Beetroot: properties and benefits

Beetroot: properties and benefits

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Beetroot, not to be confused with the beetroot, its relative, is a precious vegetable that is often also called red carrot, even if it doesn't sound much. Of course it is red, this is the sparkling color that makes it recognizable and with which we can enrich our recipes not only with flavor but also with color. There Beetroot it is also good for health, it has interesting properties that not everyone knows.


It is a tuber, first of all, and owes its bright red color to a pigment called betanin, also widely used by the food industry. There Beetroot, together with others, is one of those vegetables unjustly neglected and which deserve more space at the table. Let's see why and how, with some delicious recipes.

Beetroot: properties

In botany this tuber is called Beta vulgaris var. turnip form rubra, belongs to the Chenopodiaceae family, it is a biennial herbaceous plant with a shape similar to that of the beet but can be recognized by a red film that covers it from top to bottom, from root to leaves also ruby ​​and heart-shaped. There Beetroot it can reach a maximum of 20 cm, if cultivated with love, and produces flowers in spikes, each with 5 petals, in the period between July and September.

Beetroot: benefits

Knowing the plant, let's see why we should introduce its root in our kitchens. There Beetroot it has numerous properties that those who know about herbal medicine and phytotherapy probably already know. It has known purifying and refreshing properties linked to the abundant presence of minerals, which is why it is not recommended for those suffering from kidney stones.

On the contrary, anemics should have a great feast of Beetroot considering that revitalizes red blood cells and rebalances iron levels in the blood.

Now that comes the season of influences it is also worth mentioning the antiseptic, nourishing and restorative properties, 12 months out of 12, however, those that help digestion by stimulating gastric juices are precious. But be careful: they can cause stomach acid. If you don't want to eat the Red Turnips, you can always use them as an ingredient for capillarotropic and anti-reddening creams.

Beetroot: calories

Among the most appreciated properties of the Beetroot there are also the very few calories contained: 19 per 100 grams of tuber. It is therefore definitely a low-calorie food. Consists more than 90% of water, then there is 4% carbohydrates and 2.6% fiber, the remainder is made up of proteins and, to a minimum, of fats.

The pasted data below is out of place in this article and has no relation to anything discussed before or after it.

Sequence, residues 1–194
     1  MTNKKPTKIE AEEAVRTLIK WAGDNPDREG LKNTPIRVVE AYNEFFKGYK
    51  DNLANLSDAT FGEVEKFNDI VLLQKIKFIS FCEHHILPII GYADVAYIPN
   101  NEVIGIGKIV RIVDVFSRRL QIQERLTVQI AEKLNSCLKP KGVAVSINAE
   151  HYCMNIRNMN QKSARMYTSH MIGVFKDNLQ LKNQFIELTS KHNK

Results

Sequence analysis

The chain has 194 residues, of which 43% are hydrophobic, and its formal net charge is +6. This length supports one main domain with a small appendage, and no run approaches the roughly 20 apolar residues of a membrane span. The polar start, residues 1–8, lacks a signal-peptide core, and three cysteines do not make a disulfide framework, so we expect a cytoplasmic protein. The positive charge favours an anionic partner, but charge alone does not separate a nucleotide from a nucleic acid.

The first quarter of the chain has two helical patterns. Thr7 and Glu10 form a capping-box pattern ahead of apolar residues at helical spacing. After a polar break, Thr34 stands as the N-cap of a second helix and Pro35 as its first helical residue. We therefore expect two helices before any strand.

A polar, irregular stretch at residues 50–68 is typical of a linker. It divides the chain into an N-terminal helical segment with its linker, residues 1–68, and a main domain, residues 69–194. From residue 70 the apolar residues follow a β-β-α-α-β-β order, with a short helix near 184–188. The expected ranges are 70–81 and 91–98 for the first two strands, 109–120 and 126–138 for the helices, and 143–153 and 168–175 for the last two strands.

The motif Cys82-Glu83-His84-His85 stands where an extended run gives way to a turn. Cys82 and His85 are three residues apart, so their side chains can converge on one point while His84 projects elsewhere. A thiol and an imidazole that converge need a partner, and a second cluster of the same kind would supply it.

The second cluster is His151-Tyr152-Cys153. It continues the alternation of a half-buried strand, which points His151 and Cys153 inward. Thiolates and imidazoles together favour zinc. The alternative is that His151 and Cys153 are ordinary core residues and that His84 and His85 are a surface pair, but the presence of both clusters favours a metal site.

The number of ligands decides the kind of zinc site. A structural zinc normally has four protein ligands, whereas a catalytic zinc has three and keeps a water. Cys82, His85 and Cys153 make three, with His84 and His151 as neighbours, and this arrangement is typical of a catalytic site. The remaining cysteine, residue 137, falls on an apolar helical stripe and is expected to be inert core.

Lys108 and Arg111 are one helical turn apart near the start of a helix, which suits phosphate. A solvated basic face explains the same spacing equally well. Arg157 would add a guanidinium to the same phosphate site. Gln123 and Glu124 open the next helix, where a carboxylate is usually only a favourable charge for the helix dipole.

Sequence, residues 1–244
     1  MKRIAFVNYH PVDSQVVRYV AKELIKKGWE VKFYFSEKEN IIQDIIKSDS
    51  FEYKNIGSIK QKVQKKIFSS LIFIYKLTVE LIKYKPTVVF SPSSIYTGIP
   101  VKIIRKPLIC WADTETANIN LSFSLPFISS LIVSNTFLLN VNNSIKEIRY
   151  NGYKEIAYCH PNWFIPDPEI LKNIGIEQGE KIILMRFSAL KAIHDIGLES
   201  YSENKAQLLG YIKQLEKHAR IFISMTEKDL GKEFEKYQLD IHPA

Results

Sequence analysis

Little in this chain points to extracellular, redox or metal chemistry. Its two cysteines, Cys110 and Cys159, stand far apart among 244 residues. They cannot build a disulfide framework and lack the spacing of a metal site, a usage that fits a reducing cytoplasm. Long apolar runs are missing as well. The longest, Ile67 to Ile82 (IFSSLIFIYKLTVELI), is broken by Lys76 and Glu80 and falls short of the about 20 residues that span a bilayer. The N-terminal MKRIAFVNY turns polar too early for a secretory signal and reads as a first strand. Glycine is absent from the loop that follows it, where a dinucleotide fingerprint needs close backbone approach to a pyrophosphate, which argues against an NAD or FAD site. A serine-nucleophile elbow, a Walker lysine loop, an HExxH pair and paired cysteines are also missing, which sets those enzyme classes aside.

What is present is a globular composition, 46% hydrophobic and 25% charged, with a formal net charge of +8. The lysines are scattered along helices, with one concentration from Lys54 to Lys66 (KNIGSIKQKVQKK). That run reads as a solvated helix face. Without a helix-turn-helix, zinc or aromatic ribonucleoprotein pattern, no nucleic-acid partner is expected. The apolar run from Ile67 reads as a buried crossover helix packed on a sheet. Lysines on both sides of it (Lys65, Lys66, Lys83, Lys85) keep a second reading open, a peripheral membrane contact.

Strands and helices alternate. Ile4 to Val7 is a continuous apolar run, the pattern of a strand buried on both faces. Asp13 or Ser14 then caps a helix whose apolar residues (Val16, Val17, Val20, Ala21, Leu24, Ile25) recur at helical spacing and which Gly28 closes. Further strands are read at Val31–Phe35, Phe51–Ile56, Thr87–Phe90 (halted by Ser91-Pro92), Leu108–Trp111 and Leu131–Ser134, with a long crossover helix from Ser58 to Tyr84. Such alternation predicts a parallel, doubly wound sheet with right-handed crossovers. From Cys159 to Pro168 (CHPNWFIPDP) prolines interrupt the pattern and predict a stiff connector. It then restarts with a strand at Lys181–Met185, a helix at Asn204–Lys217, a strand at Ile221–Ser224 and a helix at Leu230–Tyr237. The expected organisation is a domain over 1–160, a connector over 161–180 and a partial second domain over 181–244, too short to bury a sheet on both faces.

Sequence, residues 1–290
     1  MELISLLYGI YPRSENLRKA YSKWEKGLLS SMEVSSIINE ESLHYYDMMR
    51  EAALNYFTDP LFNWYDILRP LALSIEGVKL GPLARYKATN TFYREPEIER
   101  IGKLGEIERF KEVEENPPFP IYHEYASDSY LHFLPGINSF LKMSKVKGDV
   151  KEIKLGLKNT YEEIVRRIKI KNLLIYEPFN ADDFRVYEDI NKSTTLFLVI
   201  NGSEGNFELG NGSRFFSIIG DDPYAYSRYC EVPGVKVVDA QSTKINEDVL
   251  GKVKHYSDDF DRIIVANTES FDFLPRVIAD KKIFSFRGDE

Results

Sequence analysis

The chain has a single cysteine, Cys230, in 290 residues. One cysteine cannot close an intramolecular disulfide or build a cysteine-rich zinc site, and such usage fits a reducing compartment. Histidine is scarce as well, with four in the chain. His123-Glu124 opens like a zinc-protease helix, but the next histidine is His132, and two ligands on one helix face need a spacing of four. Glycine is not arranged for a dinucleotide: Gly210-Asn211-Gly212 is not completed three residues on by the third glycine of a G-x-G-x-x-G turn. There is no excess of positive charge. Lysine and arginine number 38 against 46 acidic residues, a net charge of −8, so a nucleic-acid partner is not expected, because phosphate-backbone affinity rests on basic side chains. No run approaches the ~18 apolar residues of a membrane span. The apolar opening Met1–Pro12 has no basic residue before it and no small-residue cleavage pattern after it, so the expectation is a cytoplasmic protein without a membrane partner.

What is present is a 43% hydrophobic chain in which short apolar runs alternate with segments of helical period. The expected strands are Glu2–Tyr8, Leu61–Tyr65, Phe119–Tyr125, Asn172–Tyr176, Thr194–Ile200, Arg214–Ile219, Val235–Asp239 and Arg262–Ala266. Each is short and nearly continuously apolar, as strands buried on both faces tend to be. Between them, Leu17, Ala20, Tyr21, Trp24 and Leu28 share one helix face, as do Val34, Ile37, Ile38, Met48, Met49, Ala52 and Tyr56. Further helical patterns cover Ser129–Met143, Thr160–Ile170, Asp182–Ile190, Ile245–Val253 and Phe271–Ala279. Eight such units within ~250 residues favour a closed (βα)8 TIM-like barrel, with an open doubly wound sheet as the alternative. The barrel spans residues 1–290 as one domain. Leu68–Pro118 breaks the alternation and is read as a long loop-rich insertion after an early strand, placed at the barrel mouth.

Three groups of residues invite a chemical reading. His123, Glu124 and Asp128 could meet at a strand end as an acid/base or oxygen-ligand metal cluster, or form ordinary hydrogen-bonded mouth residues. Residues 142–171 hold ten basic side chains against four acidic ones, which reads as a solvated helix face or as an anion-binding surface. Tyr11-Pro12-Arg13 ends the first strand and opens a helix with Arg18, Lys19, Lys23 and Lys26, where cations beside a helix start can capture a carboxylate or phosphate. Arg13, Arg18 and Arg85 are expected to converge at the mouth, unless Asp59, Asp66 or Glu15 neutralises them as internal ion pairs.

Raw red turnip

Rich in mineral salts, the Turnip is a mine of potassium, iron, calcium, phosphorus and sodium, but also vitamins such as B1, B2, B3 and C. For some of these it is better to consume raw beetroot, it depends on what we need. Nek case, from raw, we can prepare them grated or in very thin slices making sure not to "waste" all the vitamins, mineral salts and fibers they contain.

Beetroot: cooking

It is certainly more frequent than the red turnips are offered cooked, even if raw it would be better they are generally eaten cooked, although it is preferable to eat them believe. Of course it must not become torture, that of the Red Turnip, so if we prefer not to munch it on the fly, we can bake it in the oven, toast it or brown it. Always cooking this root, the decoctions are obtained, excellent for purifying, remineralizing and digestive purposes.

Red Turnips: recipes

Associated with succulent meat dishes, it has been widely used in cooking in various countries around the world for centuries. There are even more original and delicious recipes like that of risotto with red turnips, gorgonzola and anchovies. To obtain 4 portions, you need 400 grams of rice, light vegetable broth, a couple of boiled red turnips, a hectogram of gorgonzola, 6-8 anchovies in oil, wine to deglaze, salt and pepper, a touch of Parmesan.

Beetroot: cultivation

Throughout the Mediterranean area the Beetroot it is cultivated and is a plant native to European countries and North Africa. It is not difficult to take care of, it adapts to every type of soil and is set in the Greeks, they cultivated it as early as 420 BC, but according to some docuanche at 800 meters above sea level. It also seems that it was also appreciated in 2,000 BC.

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